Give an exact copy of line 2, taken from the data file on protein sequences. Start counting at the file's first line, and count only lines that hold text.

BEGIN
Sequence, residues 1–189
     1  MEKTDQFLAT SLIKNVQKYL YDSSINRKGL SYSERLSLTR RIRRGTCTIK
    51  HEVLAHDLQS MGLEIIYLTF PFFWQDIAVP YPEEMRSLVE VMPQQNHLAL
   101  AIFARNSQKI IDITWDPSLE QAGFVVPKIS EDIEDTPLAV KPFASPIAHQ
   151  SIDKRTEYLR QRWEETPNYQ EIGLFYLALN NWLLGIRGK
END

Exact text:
     1  MEKTDQFLAT SLIKNVQKYL YDSSINRKGL SYSERLSLTR RIRRGTCTIK